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Lia M. Bersin

Lia Bersin PDP19
Predoctoral Fellowship in Pharmaceutics, 2019 Purdue University

Understanding the Solid State Mechanisms of Two Chemical Degradation Reactions in Proteins and Peptides: Pyroglutamate Formation and Asparagine Deamidation


A significant challenge for pharmaceutical scientists during protein therapeutic development is maintaining the molecule’s native structure, which ensures safety and efficacy of the drug product. For this reason, understanding and controlling protein degradation is critical. Large molecules, such as therapeutic proteins, monoclonal antibodies (mAbs), and antibody drug conjugates (ADCs), are particularly challenging because of their immense size and complexity. To overcome these instabilities, protein therapeutics are often freeze-dried and stored in the solid form. The removal of water and decreased molecular mobility is thought to minimize degradation potential. However, reactivity is still often sufficient to cause instability. Formulating in the solid state is particularly challenging because there are significant gaps in the understanding of chemical degradation reactions in this phase. The effect of pH is often an important factor in the solution state, however there is no true definition of pH in the absence of water. It is often assumed that solid-state reactions simply parallel those of the solution state, but that is not always the case. Therefore, the objective of this work is to gain a better understanding of two chemical degradation reactions in the solid state: pyroglutamate formation and asparagine deamidation. Specific attention will be given to the influence of solution pH prior to freeze-drying. Using these two reactions as models, this work will also investigate the use of solid-state hydrogen deuterium exchange mass spectrometry (ssHDX-MS) as a means to measure hydrogen ion activity in solids, and thus serve as a surrogate for solid pH measurement.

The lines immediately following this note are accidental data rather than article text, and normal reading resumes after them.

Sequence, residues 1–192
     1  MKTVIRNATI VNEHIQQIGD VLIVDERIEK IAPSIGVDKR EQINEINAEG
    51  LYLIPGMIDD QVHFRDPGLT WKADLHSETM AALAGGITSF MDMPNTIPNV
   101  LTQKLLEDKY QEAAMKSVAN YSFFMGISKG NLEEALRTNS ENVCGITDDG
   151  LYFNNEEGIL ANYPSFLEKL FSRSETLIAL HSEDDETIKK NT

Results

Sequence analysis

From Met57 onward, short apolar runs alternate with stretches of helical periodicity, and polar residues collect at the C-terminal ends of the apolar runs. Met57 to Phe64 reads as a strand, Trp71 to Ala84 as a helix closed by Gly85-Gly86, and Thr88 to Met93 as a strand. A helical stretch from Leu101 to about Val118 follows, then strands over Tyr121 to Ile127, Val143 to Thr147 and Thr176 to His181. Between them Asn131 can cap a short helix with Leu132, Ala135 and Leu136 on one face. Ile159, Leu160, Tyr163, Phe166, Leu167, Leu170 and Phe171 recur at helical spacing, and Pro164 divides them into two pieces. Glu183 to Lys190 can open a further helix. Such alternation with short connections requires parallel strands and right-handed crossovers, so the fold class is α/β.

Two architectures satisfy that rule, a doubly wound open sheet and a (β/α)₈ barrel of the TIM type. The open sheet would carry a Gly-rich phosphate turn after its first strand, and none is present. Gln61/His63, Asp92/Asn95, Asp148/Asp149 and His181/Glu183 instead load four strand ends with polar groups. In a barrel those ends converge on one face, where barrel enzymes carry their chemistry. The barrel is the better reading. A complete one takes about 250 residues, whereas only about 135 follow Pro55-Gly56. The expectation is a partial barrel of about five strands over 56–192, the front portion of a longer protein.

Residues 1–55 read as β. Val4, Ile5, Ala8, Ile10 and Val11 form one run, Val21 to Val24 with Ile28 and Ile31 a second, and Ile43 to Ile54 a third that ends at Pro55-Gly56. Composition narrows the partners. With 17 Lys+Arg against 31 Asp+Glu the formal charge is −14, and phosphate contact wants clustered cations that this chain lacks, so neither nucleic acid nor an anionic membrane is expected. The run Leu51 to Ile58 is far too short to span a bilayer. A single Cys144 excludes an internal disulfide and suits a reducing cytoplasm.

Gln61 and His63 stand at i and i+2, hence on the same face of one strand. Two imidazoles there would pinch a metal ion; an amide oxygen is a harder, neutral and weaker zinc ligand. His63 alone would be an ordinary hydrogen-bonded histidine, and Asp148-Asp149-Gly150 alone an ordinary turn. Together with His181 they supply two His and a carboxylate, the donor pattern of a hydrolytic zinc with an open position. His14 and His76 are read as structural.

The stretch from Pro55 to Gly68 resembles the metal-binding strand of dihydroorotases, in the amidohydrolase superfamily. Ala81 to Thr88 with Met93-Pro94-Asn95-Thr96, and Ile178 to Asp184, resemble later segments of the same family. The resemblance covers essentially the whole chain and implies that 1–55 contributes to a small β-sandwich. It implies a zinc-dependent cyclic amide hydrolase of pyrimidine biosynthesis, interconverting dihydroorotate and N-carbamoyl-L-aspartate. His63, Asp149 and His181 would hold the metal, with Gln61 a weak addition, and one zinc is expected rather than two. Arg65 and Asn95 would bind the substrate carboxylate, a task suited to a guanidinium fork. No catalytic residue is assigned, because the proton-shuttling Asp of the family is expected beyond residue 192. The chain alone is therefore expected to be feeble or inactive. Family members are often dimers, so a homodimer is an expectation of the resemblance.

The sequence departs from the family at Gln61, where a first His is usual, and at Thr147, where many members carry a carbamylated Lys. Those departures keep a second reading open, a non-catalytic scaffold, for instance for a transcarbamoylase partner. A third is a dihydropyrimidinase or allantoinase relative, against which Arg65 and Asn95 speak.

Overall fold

The Predoctoral Fellowship in Pharmaceutics has given me the freedom to pursue my own research goals. With support from the PhRMA Foundation I am able to be fully immersed in my research, allowing me to become a better scientist and build skill sets that will make me a competitive candidate for a career in the pharmaceutical industry.

Lia M. Bersin

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